The right-leaning Hispanic Leadership Fund is asking lawmakers to reject what it calls “false information and outright lies about Latino immigrants” that were circulated by three groups advocating for lower immigration levels in the United States.
Mario H. Lopez, who is president of the HLF, sent letters Tuesday to Reps. Martha McSally, R-Ariz., and Bob Goodlatte, R-Va., asking them to “properly and thoroughly vet” information from the Center for Immigration Studies, NumbersUSA, and Federation of Americans for Immigration Reform.
Lopez warned the lawmakers “to fully understand the consequences of risking your name, credibility, and political prospects that come from working with them.”
According to Lopez, the “core beliefs” of the three groups “stand in fundamental hostility to the most basic and cherished conservative principles,” and are backed by forces that support population control and racial purity.
CIS's Mark Krikorian told the Washington Examiner the criticism is meant to silence debate on immigration reform and said Lopez used similar arguments in 2013, when the Senate wrote an immigration reform bill that provided a pathway to citizenship. The legislation passed the Senate but died in the House.
"This gadfly is acting as the conservative auxiliary of the Southern Poverty Law Center, attempting to blacklist those who disagree with their shared views on immigration," Krikorian, the executive director of CIS, told the Washington Examiner. "He tried the same smear tactics in 2013 when he was working to pass the Gang of Eight bill. The Center for Immigration Studies has always supported an ethnically-neutral immigration policy that admits fewer immigrants, but with a warmer welcome. Suggestions to the contrary are lies."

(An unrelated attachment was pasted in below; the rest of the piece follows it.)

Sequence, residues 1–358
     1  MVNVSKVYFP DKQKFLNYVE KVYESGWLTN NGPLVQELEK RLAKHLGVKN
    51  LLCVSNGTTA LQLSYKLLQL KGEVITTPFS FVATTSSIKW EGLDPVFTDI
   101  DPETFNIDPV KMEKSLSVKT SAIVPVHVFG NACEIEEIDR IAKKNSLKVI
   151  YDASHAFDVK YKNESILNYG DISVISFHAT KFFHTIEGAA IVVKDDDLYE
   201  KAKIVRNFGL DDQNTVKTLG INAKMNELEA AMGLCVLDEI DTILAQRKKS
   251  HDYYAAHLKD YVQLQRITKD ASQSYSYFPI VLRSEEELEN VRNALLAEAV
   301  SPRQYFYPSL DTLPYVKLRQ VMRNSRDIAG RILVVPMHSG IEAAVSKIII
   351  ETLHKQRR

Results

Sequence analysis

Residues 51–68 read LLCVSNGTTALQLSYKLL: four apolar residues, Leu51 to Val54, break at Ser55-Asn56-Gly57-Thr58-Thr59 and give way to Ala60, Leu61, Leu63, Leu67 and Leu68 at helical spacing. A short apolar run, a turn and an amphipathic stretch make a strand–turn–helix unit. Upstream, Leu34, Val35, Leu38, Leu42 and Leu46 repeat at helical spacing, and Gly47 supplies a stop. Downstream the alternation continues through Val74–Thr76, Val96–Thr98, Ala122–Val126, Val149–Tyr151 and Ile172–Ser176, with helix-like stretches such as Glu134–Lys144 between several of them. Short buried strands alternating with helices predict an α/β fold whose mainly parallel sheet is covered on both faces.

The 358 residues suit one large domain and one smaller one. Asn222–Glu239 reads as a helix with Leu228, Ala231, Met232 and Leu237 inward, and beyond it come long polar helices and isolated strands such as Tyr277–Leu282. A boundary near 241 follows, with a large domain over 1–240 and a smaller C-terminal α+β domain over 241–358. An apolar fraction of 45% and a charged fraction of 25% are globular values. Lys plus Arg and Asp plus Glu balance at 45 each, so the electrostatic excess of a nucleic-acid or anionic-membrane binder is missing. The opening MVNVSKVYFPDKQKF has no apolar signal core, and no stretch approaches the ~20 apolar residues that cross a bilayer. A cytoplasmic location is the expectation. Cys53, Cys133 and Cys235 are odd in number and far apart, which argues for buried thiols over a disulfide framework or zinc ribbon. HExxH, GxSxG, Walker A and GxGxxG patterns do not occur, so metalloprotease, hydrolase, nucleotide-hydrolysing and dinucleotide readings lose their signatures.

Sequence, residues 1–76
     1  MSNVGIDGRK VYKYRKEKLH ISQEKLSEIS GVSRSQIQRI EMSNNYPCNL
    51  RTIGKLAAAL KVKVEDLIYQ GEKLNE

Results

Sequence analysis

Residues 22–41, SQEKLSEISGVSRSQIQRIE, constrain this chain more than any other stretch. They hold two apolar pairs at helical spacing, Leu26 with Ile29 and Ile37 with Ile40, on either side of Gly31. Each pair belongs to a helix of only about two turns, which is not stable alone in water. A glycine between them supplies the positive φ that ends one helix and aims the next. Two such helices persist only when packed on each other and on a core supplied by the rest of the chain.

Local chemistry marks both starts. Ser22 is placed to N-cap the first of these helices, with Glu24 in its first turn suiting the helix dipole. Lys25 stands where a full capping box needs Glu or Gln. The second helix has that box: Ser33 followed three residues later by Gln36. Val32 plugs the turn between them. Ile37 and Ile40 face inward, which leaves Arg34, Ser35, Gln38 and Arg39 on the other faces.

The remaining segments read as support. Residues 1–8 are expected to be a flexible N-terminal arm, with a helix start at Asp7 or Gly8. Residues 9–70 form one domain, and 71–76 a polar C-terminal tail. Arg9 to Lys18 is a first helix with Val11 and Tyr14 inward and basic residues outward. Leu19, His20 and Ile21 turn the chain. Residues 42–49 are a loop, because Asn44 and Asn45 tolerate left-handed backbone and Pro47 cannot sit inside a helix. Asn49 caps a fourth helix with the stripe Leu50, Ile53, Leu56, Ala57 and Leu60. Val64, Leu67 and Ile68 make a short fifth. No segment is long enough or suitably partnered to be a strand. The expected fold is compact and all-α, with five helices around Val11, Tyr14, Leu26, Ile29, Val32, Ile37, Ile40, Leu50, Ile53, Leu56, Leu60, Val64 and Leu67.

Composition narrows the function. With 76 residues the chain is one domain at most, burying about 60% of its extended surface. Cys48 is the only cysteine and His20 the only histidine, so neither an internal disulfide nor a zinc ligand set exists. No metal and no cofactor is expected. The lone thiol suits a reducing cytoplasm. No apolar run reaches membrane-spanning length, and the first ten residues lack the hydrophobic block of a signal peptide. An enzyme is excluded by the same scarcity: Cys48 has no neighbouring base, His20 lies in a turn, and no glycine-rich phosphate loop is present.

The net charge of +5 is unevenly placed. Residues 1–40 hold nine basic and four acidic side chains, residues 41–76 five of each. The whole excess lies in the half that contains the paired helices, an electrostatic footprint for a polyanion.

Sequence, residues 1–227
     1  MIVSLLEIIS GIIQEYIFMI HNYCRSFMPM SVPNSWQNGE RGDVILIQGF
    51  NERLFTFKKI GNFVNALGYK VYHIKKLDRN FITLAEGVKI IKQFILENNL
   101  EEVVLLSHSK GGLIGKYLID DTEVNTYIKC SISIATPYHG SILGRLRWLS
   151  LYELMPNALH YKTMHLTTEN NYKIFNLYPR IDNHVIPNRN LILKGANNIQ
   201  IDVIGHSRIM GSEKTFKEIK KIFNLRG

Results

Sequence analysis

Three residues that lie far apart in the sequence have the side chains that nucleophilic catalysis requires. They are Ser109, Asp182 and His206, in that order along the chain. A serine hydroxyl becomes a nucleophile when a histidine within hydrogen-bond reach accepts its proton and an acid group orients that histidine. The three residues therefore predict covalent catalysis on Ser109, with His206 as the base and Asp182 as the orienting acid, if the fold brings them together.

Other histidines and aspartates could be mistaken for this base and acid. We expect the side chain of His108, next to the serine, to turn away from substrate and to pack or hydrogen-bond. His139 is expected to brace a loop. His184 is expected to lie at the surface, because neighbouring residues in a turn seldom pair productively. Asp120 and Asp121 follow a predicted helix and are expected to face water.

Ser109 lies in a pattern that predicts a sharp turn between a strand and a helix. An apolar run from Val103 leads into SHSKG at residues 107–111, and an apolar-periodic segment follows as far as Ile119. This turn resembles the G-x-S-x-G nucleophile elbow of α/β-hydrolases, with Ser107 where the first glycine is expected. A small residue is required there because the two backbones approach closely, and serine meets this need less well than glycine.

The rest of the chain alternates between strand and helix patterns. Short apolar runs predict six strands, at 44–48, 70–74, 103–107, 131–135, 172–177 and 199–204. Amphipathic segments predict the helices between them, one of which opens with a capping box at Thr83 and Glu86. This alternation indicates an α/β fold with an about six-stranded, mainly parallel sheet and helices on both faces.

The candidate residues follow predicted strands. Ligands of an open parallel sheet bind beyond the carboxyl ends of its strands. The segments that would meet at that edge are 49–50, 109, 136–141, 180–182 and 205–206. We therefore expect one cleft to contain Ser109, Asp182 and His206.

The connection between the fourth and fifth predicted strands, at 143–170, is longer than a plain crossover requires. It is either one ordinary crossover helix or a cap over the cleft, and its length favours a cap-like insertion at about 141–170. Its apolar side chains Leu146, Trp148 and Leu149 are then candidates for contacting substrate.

"Resorting to ad hominin attacks is a crude and common tactic of the Hispanic Leadership Fund – and the left in general," added Bob Dane of FAIR. "John Tanton and others who founded FAIR were motivated by advancing immigration policies that serve America’s broad national interests, and nothing but."
Lopez sent the letter to Goodlatte and McSally as lawmakers grapple with how to write legislation that would protect so-called Dreamers from deportation while improving border security in a way that stops the steady flow of illegal immigration into the United States.
Lopez said in the letter that the HLF wants “a workable legislative fix” for the Dreamers, who he said are "productive members of society" and contribute to the economy. Lopez said he believes FAIR, CIS, and NumbersUSA are “working feverishly against,” a deal to legalize the Dreamers.
The HLF letter levels a charge that the groups were created by a Michigan doctor who supported eugenics and “espoused troubling racial views that echo the white national sentiment.”
The three groups have been contacted for a reaction to the HLF letter but have not yet responded.